18. So what, you ask? What is significant about these items, I discovered this week, is the goitrogenic effect of all of them and that blew my mind. Something as good as alpha lipoic acid could be bad? Resveratrol, the king of antioxidants, having an adverse effect? DIM, Green Drinks, what next? Broccoli, broccoli which is so good for you that everyone hates it with the exception of me. My green drink was full of dehydrated raw cruciferous vegetable and root juices including broccoli, kale, cabbage, maca and spinach (and many acceptable things which is why I was drinking it). These are all goitrogens and goitrogens interfere with the conversion of T4 to T3 and thus interfere with the function of your thyroid gland. I was slowly killing my thyroid. Well I hope I was only slowly killing it and that I haven’t done any permanent damage.
    Paula Gaines recently posted…No last blog posts to return.My Profile

  19. Carlene Guntert says

    The most common thyroid problems involve abnormal production of thyroid hormones. Too much thyroid hormone results in a condition known as hyperthyroidism. Insufficient hormone production leads to hypothyroidism.’`..-

    My own website <http://www.healthmedicine.co/

  20. Maria says

    I have had a similar diagnosis and when I goggled I got your blog which I could really relate too. One thing I wanted to ask was about your second antibody test saying they had dropped.When I asked my GP she said oh we don’t test them again as they will never change.Did you see a specialist? Was it helpful? I was given 25mg thyroxine which may help but still have symptoms esp anxiety and aching limbs.
    Wondered if you were feeling better and had any tips.
    Thanks

  21. Maria says

    I googled hashimotos after being diagnosed an found your blog very helpful.I wondered how helpful the specialist was and if you had been put on thyroxine as I have.One thing that interested me is you said the antibodies had decreased after re yes testing bloods.When I asked my GP she said that they will never change or go away.Is that true ? Any light you can shed from your experience would be great.
    Thanks
    Maria

    • Hi there,
      The specialist was not very helpful at all and in fact cancelled my appointment as my TSH was within the ‘normal’ range. My GP ran more blood work a few months after I cut out gluten and the antibodies had decreased. My TSH had however, increased, but was still within the lab’s ‘normal’ range. By US standards my TSH is high. I recommend reading this article on the gluten/thyroid connection http://chriskresser.com/the-gluten-thyroid-connection as I found it really helpful. Being gluten free has helped with my symptoms but I do still have flare ups and that is when everything goes a bit crazy – anxiety, insomnia, aches, dry skin, shortness of breath. However, my GP does not really understand what the presence of these antibodies means and the endocrinologist does not think I am a priority case, so I am back to square one again. The best thing you can do is find a specialist – an endo if possible. I am due back for a follow up with my GP next week where I will go through everything all again and just keep pushing to be seen by someone who understands this condition. I also found lots of great information on http://hypothyroidmom.com and Dana, the author, was especially helpful in advising me of what tests to insist on. Good Luck and I hope you start to feel better soon, Sarah.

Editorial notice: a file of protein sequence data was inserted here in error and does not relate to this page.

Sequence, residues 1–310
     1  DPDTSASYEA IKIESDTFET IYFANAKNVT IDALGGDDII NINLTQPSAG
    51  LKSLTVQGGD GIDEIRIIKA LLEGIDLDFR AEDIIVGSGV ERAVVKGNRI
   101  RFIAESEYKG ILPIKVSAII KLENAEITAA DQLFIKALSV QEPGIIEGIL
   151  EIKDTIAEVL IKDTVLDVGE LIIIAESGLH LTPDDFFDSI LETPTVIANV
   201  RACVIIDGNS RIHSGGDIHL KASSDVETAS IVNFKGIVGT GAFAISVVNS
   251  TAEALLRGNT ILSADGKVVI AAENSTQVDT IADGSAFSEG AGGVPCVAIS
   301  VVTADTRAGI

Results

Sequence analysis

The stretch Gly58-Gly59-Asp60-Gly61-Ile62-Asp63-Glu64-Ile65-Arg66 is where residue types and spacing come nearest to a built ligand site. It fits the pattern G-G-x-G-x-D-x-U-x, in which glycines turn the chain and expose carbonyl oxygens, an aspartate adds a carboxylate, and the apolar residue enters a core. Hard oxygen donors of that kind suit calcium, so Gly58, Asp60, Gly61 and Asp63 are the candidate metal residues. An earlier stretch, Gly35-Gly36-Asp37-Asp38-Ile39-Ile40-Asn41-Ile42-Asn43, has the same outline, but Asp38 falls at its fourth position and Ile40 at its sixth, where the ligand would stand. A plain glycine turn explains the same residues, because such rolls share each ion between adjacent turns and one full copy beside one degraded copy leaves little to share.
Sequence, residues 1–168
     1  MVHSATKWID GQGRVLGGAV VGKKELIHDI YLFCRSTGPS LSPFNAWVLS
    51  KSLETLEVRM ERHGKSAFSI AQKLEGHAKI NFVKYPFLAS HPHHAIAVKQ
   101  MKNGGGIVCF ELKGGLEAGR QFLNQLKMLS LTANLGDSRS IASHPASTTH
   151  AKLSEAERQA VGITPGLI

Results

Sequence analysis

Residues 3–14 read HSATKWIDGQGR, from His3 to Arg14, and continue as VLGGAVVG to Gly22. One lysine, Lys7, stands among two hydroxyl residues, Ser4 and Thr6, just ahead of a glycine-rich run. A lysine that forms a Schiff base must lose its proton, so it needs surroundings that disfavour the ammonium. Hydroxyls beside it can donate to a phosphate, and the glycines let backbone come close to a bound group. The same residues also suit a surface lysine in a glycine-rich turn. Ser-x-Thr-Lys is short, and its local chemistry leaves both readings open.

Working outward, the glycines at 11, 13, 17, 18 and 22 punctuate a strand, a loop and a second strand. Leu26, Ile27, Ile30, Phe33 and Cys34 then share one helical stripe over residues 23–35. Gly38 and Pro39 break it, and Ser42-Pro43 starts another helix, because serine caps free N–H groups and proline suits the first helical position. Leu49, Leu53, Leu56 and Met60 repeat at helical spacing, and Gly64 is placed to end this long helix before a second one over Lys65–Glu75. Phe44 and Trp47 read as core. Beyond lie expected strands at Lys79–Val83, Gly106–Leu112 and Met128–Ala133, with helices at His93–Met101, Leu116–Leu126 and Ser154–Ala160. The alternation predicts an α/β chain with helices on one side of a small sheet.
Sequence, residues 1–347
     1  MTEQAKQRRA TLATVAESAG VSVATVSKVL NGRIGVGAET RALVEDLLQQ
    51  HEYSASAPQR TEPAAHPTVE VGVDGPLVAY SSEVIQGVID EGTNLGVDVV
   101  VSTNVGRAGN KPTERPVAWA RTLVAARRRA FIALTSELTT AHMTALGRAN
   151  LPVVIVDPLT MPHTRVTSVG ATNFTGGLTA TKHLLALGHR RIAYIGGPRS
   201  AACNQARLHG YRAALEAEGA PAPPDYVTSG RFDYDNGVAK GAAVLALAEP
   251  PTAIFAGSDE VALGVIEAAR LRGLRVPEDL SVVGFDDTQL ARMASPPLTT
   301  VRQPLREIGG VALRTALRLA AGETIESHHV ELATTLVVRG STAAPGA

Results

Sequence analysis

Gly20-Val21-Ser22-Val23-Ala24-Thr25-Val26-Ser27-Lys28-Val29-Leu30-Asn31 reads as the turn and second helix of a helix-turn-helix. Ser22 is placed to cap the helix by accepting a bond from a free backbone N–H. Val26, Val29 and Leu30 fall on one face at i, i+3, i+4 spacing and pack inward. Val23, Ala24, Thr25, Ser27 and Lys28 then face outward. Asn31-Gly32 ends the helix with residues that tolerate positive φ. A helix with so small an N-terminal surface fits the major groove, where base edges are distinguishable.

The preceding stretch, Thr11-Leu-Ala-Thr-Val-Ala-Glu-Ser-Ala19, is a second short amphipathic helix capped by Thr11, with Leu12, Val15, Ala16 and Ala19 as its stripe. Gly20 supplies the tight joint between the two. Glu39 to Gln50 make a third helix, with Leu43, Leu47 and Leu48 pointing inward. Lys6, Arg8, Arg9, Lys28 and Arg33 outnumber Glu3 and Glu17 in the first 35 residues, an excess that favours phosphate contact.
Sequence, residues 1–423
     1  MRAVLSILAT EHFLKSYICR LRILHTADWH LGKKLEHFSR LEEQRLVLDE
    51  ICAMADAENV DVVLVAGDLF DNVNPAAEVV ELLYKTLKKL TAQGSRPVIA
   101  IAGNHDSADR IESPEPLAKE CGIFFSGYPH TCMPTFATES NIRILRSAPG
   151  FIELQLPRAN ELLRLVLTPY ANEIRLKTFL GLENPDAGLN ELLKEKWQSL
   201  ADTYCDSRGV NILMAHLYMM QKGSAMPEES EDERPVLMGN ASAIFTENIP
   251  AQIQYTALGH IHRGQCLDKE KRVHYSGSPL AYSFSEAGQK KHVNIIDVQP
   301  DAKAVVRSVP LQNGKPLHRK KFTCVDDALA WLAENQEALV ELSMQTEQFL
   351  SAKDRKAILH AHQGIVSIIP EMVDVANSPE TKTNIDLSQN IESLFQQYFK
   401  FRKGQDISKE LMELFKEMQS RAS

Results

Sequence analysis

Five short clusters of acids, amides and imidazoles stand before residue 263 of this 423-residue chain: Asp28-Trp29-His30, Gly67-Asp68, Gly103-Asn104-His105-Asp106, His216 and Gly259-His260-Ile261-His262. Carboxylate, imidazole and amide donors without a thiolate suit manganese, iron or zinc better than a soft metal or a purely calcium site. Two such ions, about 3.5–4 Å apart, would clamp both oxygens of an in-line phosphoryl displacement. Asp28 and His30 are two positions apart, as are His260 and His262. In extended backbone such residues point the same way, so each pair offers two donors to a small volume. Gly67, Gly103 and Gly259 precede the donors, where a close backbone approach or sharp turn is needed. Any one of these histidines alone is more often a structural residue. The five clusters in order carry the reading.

• Maria says

        Thank you for your reply.It certainly seems a grey area indeed.I saw a different doctor this morning and he is going to send me to a specialist that he said is very good.This doctor was doubtful that I had Hashimotos and asked me how I had been diagnosed so I told him about the high antibodies and he said many people have that but have no symptoms, he didn’t think that level of joint pain would come from Hashimotos but I have read on sites that it can. He told ne to stop taking thyroxine.I have had horrible anxiety/hyper episodes when driving where it is almost like I fight to concentrate,palpataions and weakness in muscles and joints.I am not sure if the thyroxine is helping or not.TSH was 6,then 3 now 4 so it is not easy to understand.At least I can see a specialist and try and get some answers.Just shows you depends which DOctor you see and their view on it! They sent you away because of your level but everything I have read said they should go on how you feel rather than levels.I hope you get some answers and symptoms start to wane.It is a puzzle for sure!

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  24. We ARE twins!
    Glad to hear you’re feeling better already – it can be a rough journey. I was diagnosed over a decade ago with Hashimoto’s, so your article piqued my interest. How did your GP discover you had antibodies? Do you know what your blood was tested for?
    I was diagnosed over a decade ago by a TSH test, which came out at 10 (think current “normal” range is 0.2 – 5). To confirm Hashimoto’s my GP then did further tests for antibodies and as they were “sky high” I was put on thyroxine which helped reduce my TSH but to be honest, the impact it had on my antibody levels I’m not sure anyone has ever told me.